Katie Mattis Sarver leads Bell Bank’s efforts to assist neighborhoods, minority-owned businesses and nonprofit organizations in financially underserved areas in the newly created role of community development officer.
Mattis Sarver joined Bell in August after two and a half years as an executive team member and senior vice president for corporate partnerships with the Minnesota United Football Club and Allianz Field.
Mattis Sarver works with Bell’s executive leadership, its outreach task forces and community leaders to develop relationships in local markets to help increase bankability for businesses and individuals and support minority homeownership. Neighborhoods damaged in protests following George Floyd’s death and hard hit by COVID-19 are a focus.
“All of this that’s happened in our world made me really think about what truly is important,” Mattis Sarver said. “This opportunity with Bell presented itself and it seemed like the perfect fit.”
Before joining Bell, Mattis Sarver got to know the bank as a customer and in representing Minnesota United in its partnership with Bell, which sponsors a stadium gate.
Mattis Sarver, a Hamline University graduate, was twice named Major League Soccer Executive of the Year for corporate partnerships, once with Minnesota United and earlier with the Real Salt Lake soccer club. She also has worked with the Minnesota Timberwolves and Lynx in partnership and community relations roles.
“Katie’s role is to lead our efforts in fostering new community relationships through listening, building trust and finding ways to take action together,” Bell president and CEO Michael Solberg said in a news release.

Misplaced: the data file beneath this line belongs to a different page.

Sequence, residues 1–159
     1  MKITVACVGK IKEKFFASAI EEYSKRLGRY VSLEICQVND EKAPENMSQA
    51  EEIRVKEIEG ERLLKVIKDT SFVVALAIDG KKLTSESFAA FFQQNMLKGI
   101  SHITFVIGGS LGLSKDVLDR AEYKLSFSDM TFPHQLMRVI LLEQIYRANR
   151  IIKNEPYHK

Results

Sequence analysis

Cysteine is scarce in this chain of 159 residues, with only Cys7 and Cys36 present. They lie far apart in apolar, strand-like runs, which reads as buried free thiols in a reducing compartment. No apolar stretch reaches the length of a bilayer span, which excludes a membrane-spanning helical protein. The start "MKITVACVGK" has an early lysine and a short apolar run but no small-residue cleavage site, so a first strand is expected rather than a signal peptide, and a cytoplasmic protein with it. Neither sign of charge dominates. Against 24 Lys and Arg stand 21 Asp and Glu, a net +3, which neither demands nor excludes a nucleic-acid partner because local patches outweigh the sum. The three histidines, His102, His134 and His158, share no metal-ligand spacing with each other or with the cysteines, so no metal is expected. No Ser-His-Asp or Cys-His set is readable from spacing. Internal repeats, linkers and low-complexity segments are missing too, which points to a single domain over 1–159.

Fargo-headquartered Bell, which is independently owned, has more than $8.2 billion in assets and operates in North Dakota, Minnesota and Arizona.
Q: What led to the creation of your role at Bell?
A: They had been talking about this role before this spring. The leadership team said how can we continue to best serve the communities we live in, work in and do business in? Bell’s Pay It Forward program gives employees $1,000 a year to give to individuals in need and charities of their choice — $16 million in 12 years. But how do we continue to intentionally and organically grow our efforts and make it known, especially in communities that may not know us as well, that Bell is about helping people?
Q: What led you to work in pro sports?
A: I love the pace of it, especially soccer. Soccer is about community. It really is something for everyone. When you walk the concourses of Allianz Field, you see four generations, three generations of families, all different colors, all different languages and that is what is so appealing to me about soccer.
Q: What has made you successful in forging partnerships and connections in business and personally?
A: I grew up in Anoka, one of eight kids. Four adopted kids and four “homemade” biological children. Two are Black, two Korean. I’m Korean. Life is different for everyone even if you are the same color. That has built a foundation for me to understand the walk is different for everyone and how can we use our strengths to do good. We experienced a lot of different hate crimes. We still have occurrences every day. If I can help people from a financial standpoint with a company that’s committed to doing some good, that’s an opportunity of a lifetime.
Todd Nelson is a freelance writer in Lake Elmo. His e-mail is firstname.lastname@example.org.